Top 5 Facts the Crown Got Right

Script written by Telly Vlachakis What were the facts that the crown got right? We’re looking at the moments from the Netflix series that the show did get right despite the criticism for embellishing and sensationalizing for entertainment's sake. These are the facts that were genuine. Queen Elizabeth did in fact serve in the royal army. It is true that Prince Phillip was upset that Elizabeth would not take his name. It is also true the way Elizabeth learned of the King’s death. The bath scene with Winston Churchill seems made up but writers behind the show claim to have found record of this odd habit in an old documentary.
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Top 5 Facts “The Crown” Got Right


Fact or fiction, most of us are happy just watching the life stories of the Royal Family unfold, but how accurate is this small screen historical drama? Welcome to MsMojo and today we’re counting down the Top 5 Facts “The Crown” Got Right.

For this list, we’re looking at some of the larger than life events and moments from this Netflix series that, believe it or not, actually happened. Although the show has been criticized for embellishing and sensationalizing for entertainment’s sake… the following facts are genuine.

#5: Queen Elizabeth Served in the Royal Army
In her pre-Majesty days, Queen Elizabeth did in fact serve her country during World War II. As briefly mentioned in the second episode, when Prince Philip and Elizabeth are on tour in Kenya, she was a mechanic. Not only was Elizabeth a proud member of the Women's Auxiliary Territorial Service, but she was also the only female member of the Royal family to have ever served in the Armed Forces. After the family refused to evacuate the princesses to Canada during the war, Elizabeth was finally allowed to join, after her 18th birthday as an honorary second subaltern. She ended up training as a mechanic and driver.

#4: Prince Philip Was Upset That Elizabeth Would Not Take His Name
The show’s portrayal of Philip’s frequent annoyance at being overshadowed and emasculated by his wife’s growing Royal stature may have been a tad overblown. For example, there is no evidence that he made a fuss over having to kneel before Elizabeth at her coronation. But there was real tension between the couple, particularly when it came to the legacy and prominence of their respective houses. It is therefore very true that the Prince took a bit of a hit to the royal family jewels when he learned that his children would not be taking his family name of Mountbatten, but the Queen’s family name, Windsor, instead.

#3: How Elizabeth Learned of the King’s Death
What may have seemed like a bit of cinematic juxtaposition for dramatic effect represents the all too real and exact moment Elizabeth became a Queen. While in Kenya with Prince Philip, poor Elizabeth did not immediately hear about the sad news of her father’s passing. As the news quickly spreads, and her staff is rushing to let her know before she accidentally finds out, we see the Princess writing a letter to her father, unaware of the fact that he has already passed. Apparently that kind of dramatic irony is not only found on screen, but in the history books too.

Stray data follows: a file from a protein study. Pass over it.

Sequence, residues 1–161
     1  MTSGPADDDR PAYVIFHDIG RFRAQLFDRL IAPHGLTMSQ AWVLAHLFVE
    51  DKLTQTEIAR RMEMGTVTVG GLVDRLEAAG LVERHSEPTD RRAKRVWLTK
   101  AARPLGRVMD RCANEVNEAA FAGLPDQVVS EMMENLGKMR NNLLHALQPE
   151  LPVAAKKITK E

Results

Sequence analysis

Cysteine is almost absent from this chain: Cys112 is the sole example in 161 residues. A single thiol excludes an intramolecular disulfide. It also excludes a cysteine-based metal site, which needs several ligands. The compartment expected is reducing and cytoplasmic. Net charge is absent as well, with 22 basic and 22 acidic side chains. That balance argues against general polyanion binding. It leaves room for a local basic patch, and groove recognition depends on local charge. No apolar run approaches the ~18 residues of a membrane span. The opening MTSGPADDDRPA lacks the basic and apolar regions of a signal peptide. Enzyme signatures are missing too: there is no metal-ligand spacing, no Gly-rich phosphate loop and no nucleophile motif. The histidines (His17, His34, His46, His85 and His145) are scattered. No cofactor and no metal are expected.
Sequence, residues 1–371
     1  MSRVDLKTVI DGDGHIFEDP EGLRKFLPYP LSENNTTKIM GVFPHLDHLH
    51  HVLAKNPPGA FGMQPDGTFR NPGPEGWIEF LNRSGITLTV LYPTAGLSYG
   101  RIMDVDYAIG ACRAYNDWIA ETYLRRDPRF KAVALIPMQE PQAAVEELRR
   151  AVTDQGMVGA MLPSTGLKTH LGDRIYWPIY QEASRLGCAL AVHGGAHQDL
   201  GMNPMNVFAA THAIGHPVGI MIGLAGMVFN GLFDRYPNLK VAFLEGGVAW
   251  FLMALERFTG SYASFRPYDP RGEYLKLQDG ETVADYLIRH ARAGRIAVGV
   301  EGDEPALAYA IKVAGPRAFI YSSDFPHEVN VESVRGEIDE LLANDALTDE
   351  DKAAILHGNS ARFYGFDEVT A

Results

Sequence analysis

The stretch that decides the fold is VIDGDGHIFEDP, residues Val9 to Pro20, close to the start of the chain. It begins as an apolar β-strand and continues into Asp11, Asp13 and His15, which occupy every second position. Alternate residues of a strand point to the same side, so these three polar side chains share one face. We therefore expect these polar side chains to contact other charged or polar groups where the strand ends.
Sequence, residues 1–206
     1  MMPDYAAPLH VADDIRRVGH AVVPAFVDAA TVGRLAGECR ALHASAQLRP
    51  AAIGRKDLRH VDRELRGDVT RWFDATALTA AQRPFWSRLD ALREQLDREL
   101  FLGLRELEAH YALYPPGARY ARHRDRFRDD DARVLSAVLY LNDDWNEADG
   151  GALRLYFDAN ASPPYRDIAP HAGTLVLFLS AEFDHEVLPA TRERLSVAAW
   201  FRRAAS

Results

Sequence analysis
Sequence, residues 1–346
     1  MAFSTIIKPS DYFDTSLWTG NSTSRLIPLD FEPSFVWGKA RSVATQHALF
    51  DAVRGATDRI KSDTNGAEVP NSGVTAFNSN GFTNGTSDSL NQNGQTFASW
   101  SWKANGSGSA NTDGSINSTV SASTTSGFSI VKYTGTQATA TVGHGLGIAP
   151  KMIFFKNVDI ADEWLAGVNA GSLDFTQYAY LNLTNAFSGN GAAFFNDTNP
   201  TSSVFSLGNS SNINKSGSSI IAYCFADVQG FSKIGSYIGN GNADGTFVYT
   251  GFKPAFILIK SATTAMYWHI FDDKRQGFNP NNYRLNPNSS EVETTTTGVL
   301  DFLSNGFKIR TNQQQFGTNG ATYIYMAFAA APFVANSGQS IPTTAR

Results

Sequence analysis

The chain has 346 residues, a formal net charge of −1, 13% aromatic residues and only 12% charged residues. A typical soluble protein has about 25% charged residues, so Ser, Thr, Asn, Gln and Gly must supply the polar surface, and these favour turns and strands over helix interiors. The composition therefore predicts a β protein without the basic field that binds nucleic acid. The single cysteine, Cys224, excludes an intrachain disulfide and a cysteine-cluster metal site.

#2: Bathtime Fun with Winston Churchill
Churchill’s life is incredibly well-documented, and his fascinating quirks and wit are known to many. John Lithgow’s award-winning portrayal is similarly mesmerizing, so much so that some questioned whether creative license was taken in depicting the famed Prime Minister. In this exceptionally bizarre and funny scene, Churchill sits in a bathtub while his secretary, just on the other side of the door, reads him the news. It would seem that truth is stranger than fiction however, and Churchill’s legacy requires no embellishment. The writers behind the show claim to have found record of this odd habit in an old documentary.

#1: A Scandalous Affair of Royal Proportions
The doomed relationship between Princess Margaret and Peter Townsend was one of the main storylines of the first season of “The Crown”. Not only was the affair rife with scandal in those days, but it was a sore spot for Elizabeth in her first years as Queen, who was required to approve their marriage since Townsend was divorced. Torn between wanting to support her sister, and having to protect the crown and her image, tough decisions had to be made to keep the lovebirds apart. Although in real life it was Margaret who publicly announced that they would not wed, the Shakespearean love story was otherwise rooted in fact.


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